Somehow, the pain subsided a bit and until mile 20, I alternated walking and running. Although I stopped at two aid stations for medication, I had to sit and wait for a doctor to get it and decided not to. I decided to give the mile 20 aid station a shot, and as I pulled up a nurse held a bottle of what I figured was magic. I asked if I could have some, and she dumped two Tylenol in my hand. As I was about to take off to get water, she said “Oh, hold on, I’ll get you water!” Another person at the station asked what was wrong, and offered Biofreeze. After I doused my IT band, she gave me hand sanitizer and a rag to clean it off. I thanked her repeatedly, and she said it was no problem at all. While I don’t know who these women were, they have my deepest gratitude. They were so kind.
Once the Tylenol kicked in, I was able to keep running. The miles clicked down and by then I knew without a doubt I would finish. It was only a matter of getting to that line.
At mile 22 I turned to a woman next to me and said, “Four miles! We’ve done this too many times to count!” She replied affirmatively, and we stuck together for the remaining miles. Julie was a Chicago resident and mother of two running her fifth marathon. We swapped stories of running and gave each other moral support. It was so nice to have a buddy through those final miles, we went through the aid stations together and counted down the last few miles.
Mile 24 came with a Nike OwnChicago cheering station, and a man told us we only had two miles to go, we had this. Two! That’s nothing! At mile 25, we heard “Take it on the Run” by REO Speedwagon, which made me laugh. That morning I woke up with “Riding the Storm Out” in my head.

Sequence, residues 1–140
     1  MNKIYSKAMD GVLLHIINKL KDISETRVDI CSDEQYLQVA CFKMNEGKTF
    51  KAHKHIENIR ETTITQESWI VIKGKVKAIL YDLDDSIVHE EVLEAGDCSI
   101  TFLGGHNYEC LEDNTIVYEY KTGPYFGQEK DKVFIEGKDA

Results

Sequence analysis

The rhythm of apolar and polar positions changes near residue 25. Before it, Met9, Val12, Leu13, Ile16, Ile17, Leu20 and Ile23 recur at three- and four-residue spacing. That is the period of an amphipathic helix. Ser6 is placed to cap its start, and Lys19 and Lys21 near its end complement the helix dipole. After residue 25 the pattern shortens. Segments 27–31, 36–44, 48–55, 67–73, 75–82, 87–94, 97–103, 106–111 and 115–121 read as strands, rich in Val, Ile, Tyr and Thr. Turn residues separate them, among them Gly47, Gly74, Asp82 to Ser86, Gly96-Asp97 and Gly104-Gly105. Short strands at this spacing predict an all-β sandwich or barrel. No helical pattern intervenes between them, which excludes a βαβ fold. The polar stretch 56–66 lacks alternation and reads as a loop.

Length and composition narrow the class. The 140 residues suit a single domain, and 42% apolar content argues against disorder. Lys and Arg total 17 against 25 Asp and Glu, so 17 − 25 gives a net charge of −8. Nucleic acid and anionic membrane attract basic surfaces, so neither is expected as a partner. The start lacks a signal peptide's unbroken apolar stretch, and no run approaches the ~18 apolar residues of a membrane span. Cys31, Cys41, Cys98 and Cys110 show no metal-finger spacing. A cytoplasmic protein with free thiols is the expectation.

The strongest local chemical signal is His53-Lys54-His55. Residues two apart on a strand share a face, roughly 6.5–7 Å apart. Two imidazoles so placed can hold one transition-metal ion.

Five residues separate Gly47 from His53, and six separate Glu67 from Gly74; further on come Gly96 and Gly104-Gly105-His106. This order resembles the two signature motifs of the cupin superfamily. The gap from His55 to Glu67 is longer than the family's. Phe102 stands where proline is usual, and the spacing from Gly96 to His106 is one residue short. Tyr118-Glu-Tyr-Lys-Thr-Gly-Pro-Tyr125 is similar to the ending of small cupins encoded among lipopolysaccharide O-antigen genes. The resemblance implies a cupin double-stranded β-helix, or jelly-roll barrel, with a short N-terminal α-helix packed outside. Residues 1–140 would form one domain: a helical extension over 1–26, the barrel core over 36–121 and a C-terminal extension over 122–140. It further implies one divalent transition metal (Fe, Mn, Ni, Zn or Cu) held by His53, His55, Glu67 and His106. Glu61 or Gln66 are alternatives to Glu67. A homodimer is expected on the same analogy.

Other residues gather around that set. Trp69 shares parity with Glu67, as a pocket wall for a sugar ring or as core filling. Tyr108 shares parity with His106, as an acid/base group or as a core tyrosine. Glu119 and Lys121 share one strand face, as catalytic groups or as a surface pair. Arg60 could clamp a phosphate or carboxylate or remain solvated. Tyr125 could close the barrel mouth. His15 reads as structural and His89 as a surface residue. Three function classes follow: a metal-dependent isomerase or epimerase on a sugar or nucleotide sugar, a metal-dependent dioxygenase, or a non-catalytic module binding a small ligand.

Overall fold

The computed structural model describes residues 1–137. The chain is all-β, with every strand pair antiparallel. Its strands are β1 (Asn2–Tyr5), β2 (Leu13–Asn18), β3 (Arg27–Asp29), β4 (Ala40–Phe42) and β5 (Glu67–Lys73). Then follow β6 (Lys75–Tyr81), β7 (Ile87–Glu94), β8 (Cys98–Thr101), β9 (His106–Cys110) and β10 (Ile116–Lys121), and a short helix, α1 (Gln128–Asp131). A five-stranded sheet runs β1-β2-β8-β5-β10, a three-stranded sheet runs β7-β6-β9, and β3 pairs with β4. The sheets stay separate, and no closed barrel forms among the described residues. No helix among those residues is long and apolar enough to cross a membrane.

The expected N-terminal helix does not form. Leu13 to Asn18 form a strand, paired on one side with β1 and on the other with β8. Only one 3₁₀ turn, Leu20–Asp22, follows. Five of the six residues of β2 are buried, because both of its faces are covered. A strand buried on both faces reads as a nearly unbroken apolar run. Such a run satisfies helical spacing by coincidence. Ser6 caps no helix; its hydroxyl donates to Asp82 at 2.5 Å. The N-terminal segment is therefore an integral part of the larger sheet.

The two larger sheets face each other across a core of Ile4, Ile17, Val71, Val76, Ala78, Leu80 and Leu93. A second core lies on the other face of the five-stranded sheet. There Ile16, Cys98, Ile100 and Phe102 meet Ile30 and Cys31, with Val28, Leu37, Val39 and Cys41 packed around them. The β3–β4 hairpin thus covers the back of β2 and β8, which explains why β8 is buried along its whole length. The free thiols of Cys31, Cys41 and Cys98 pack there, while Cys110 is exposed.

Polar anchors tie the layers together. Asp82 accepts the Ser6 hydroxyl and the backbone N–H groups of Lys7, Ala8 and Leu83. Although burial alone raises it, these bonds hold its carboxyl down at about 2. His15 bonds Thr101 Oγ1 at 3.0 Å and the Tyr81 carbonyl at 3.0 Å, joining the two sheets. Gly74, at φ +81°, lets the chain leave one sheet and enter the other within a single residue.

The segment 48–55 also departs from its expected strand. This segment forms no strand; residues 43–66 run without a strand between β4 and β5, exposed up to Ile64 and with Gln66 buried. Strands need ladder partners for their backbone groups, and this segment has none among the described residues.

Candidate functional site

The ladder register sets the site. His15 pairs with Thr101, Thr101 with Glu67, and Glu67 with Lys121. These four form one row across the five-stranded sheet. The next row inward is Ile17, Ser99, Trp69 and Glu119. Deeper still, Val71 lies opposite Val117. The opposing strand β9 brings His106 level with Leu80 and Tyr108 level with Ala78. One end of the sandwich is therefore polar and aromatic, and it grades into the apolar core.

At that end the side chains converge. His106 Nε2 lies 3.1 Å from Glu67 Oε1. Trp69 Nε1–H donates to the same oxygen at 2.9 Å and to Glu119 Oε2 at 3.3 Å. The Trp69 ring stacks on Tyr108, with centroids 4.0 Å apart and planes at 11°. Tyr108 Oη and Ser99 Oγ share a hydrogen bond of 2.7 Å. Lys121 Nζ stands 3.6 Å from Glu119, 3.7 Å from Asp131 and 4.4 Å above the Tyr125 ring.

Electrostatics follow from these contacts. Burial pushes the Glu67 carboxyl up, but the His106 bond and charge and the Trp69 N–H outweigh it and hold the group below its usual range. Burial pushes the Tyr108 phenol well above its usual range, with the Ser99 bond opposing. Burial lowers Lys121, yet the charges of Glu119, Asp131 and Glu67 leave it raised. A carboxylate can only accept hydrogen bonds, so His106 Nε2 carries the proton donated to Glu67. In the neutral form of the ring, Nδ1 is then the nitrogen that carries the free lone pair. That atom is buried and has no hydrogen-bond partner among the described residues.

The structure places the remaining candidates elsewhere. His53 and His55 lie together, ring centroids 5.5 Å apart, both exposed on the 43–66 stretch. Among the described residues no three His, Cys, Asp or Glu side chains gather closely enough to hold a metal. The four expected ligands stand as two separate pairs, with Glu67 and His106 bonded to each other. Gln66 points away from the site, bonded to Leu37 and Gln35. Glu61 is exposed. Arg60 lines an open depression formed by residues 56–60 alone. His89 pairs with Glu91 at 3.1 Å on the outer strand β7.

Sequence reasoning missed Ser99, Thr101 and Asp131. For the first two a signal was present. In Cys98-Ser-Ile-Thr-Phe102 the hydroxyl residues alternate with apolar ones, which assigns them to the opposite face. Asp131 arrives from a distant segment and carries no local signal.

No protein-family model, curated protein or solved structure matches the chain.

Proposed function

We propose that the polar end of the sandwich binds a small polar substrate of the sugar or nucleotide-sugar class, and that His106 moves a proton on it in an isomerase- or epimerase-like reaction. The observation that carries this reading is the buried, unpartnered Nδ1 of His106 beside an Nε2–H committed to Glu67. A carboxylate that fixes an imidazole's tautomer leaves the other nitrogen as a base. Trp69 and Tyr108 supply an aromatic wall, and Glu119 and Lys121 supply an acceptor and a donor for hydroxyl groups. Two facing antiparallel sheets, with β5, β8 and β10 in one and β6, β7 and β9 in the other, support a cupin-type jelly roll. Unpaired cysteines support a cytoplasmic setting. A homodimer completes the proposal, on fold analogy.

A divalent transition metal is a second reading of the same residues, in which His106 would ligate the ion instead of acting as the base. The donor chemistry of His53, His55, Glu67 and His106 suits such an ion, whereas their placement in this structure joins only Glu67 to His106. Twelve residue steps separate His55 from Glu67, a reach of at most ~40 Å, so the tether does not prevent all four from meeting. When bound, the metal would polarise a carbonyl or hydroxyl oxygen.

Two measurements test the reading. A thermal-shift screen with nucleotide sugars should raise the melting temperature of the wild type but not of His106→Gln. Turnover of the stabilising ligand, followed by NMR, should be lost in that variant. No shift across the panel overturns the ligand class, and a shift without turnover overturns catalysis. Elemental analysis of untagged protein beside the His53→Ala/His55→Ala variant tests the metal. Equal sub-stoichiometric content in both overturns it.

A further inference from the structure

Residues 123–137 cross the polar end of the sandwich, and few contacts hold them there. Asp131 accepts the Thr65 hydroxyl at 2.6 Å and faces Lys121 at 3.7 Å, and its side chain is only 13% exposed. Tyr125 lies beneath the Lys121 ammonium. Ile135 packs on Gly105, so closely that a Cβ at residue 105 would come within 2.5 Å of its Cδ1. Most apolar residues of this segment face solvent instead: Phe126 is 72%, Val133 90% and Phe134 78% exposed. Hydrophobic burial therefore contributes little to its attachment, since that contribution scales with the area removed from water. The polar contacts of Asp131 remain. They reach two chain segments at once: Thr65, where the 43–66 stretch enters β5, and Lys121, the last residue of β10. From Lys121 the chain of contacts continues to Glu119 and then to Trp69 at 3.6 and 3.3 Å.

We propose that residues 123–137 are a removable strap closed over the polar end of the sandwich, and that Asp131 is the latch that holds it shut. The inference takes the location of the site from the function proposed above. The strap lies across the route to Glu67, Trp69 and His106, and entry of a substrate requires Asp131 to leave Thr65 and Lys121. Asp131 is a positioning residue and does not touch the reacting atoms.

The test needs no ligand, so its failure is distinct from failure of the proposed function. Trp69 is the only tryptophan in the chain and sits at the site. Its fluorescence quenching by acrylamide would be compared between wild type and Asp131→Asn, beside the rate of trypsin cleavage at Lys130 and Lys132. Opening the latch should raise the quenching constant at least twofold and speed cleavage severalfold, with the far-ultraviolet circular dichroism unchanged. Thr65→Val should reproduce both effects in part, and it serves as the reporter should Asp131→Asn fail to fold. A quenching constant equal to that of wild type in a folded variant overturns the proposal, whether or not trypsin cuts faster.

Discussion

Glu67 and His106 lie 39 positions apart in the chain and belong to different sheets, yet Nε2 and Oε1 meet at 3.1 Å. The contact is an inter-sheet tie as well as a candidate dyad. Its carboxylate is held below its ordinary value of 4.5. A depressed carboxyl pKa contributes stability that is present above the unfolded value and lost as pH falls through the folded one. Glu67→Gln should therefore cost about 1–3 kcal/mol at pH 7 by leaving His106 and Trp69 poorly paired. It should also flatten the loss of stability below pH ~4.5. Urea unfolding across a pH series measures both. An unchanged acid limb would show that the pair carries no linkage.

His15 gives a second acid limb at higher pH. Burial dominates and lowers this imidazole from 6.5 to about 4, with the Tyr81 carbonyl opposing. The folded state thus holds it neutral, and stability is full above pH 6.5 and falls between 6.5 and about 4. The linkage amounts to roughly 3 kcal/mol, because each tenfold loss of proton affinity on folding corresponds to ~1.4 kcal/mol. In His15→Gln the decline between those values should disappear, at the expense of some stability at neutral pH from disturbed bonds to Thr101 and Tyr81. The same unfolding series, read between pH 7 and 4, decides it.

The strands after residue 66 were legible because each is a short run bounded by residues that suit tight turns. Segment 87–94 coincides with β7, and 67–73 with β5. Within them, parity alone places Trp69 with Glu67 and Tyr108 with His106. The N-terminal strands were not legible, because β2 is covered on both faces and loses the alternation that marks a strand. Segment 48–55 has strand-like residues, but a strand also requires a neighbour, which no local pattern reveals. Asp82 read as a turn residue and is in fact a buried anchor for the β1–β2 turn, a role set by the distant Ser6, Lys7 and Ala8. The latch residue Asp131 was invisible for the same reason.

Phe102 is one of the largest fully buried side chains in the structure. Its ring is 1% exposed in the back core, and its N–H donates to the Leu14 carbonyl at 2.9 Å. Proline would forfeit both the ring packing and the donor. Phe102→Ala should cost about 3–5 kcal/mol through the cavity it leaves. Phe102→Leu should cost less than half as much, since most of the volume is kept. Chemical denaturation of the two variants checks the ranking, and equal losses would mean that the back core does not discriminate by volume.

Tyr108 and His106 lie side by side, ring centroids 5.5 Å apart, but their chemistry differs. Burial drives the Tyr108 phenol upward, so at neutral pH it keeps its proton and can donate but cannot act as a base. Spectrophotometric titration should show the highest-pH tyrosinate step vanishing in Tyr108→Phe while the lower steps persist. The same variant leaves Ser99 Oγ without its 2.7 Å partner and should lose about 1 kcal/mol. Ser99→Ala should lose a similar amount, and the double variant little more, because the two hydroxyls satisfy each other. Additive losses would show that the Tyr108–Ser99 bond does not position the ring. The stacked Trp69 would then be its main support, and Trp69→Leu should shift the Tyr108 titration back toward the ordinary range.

The miles up Michigan Avenue were exciting. More and more spectators lined the road to cheer. One man had a sign that said, “If it were easy, I would do it.”
Finally we turned right to head to Grant Park, then left again on Columbus. The final 0.2 miles were probably the most fun because we could really soak up the finish. Julie and I raised our hands in triumph as we crossed in 5:00:24. I felt relief and pride.
Julie and I walked with everyone else up Columbus, picking up bananas, water, Gatorade, our medals, space blankets, snacks and beer. We thanked each other once again as she turned off to get her bag. “Take care,” she told me with a smile. I like Julie. Running with her is a great memory.
Now that I’ve run a marathon, I have to say: Anyone can do it. If you have a medical condition and cannot, that’s completely understandable. For anyone else reading this, and especially those who are not runners and are shaking your heads and saying, “Yeah, right,” I keep my message. You can do it. Whether or not you want to is, of course, another matter. But even if you think you physically aren’t capable, you are.
Henry Ford said, “Whether you think you can or can’t, you’re right.” Like our cab driver said as he drove us back to Union Station for the return trip, “You only live once.” Why not find out what you are made of before you go? Why not try something you thought impossible?
I get the feeling many family members and friends think I’m some insanely dedicated runner and only insanely dedicated runners can finish a marathon. Not true. Julie said she doesn’t have much time to train with two young children and consequently takes a long time to finish. Some faster runners couldn’t imagine being out there running for that long. That’s something I take a bit of pride in — I limped for 19 miles but never gave in to the pain.
The race did not hurt nearly as much as I expected it to, IT band pain aside. Of course, I was moving pretty slowly. Still, I take anything I can get. I had no stomach or digestive problems, didn’t hit the wall, no chafing and only had one small blister. Three days after the race I’m hardly sore at all, again, aside from my IT band.